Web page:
Title: Serpent’s Kiss
Several sex scenes.
In the latest Novel of the Elder Races, a Queen on the brink of sanity has no one to rely on except the Wyr warrior whose conviction is every bit as strong as his passion…
In order to save his friend’s life, Wyr sentinel Rune Ainissesthai made a bargain with Vampyre Queen Carling—without knowing what she would ask from him in return. But when Rune attempts to make good on his debt, he finds a woman on the edge.
Recently, Carling’s Power has become erratic, forcing her followers to flee in fear. Despite the danger, Rune is drawn to the ailing Queen and decides to help her find a cure for the serpent’s kiss—the vampyric disease that’s killing her.
With their desire for each other escalating just as quickly as Carling’s instability spirals out of control, the sentinel and the Queen will have to rely on each other if they have any hope of surviving the serpent’s kiss…
Thea Harrison’s Elder Races novels are my current addiction, I no sooner put down one than I’m anxiously anticipating the next. SERPENT’S KISS is a bright spot in an already wonderful series, and I’ll be able to fill some of the months before ORACLE’S MOON comes out in March by mulling over it’s interesting magical theory and characters.
The world building in SERPENT’S KISS is ambitious, delving into the mythology of gryphons and vampires, the history of Carling’s origins, and the politics of her present day position. Harrison writes enough explanation and detail to make reading along with Rune and Carling interesting, without getting bogged down in inconsistencies or procedure. I was so fascinated with how the mystery was unfolding, I almost lost sight of the main characters themselves. Details about Rune’s personality or Carling’s history that seemed inconsequential at the start come together at the close to make this an even more satisfying romance.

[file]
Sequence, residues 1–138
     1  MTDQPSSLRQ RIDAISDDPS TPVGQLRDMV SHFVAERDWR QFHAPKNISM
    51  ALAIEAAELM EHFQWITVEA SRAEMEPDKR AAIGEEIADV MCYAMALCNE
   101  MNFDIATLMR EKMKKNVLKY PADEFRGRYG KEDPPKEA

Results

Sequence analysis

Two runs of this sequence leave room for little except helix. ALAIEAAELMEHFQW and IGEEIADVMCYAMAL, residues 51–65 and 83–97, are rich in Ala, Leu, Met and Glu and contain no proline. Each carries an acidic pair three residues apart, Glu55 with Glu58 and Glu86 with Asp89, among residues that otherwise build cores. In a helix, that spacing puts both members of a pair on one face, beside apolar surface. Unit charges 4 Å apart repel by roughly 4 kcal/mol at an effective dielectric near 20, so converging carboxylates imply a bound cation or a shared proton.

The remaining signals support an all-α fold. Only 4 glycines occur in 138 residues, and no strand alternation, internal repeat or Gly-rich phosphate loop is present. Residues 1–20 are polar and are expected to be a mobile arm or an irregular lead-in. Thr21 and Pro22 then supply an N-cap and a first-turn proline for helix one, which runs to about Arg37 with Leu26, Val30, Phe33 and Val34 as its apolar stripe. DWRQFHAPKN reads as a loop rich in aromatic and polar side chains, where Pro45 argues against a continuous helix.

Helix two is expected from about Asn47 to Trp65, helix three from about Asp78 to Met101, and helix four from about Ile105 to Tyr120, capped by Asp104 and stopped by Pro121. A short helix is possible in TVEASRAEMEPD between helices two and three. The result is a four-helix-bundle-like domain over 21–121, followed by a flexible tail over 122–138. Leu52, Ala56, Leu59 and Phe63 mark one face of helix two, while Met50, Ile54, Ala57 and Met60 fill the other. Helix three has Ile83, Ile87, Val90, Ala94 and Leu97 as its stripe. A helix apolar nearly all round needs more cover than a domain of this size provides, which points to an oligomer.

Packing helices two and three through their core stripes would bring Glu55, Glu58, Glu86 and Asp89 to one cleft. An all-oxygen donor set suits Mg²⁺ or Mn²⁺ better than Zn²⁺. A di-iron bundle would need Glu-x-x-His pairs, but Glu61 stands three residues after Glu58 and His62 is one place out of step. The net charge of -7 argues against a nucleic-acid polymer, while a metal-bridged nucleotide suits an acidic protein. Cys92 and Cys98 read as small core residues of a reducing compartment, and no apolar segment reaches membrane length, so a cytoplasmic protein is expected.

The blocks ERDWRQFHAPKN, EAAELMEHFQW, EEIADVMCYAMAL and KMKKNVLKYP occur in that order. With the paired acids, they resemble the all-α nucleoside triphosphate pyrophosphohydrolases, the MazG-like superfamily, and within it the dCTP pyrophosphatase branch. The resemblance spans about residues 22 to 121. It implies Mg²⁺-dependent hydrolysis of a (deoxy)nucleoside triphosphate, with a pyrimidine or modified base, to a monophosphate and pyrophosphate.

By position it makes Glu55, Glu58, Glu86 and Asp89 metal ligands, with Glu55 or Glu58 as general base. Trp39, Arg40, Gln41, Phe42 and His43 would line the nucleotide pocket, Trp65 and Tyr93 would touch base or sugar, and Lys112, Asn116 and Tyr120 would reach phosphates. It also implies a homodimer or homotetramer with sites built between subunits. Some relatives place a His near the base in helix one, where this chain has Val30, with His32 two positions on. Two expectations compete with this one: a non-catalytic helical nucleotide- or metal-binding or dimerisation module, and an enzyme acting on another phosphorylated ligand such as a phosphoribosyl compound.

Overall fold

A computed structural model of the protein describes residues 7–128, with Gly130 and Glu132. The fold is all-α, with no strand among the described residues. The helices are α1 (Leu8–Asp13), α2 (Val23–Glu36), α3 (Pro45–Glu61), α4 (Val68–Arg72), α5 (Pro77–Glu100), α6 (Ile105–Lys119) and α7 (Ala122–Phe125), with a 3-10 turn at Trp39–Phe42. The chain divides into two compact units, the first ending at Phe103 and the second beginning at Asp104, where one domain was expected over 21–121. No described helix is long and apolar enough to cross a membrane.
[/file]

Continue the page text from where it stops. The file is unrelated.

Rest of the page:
I am continually impressed with the attention Harrison lavishes on her character’s relationships, going beyond destiny or chemistry to write pairings that compliment and strengthen one another. Rather than writing generically appealing characters, Rune and Carling are another Elder Races couple that have quirks and rough spots that happen to fit just right with each other. What better balance for one of nature’s most playful and mutable beings than the cool, capable steadfastness of a human woman who has survived for millennia?
It is still frustrating to see glimpses of beloved past characters without getting to spend much time with them, but luckily, Harrison always gives readers a glimpse of the next relationship on the horizon. Based on the introductory chapter included at the close of SERPENT’S KISS, ORACLE’S MOON promises to be a thoroughly entertaining blend of human practicality butting heads with another charming, if arrogant, magical being. I can’t wait!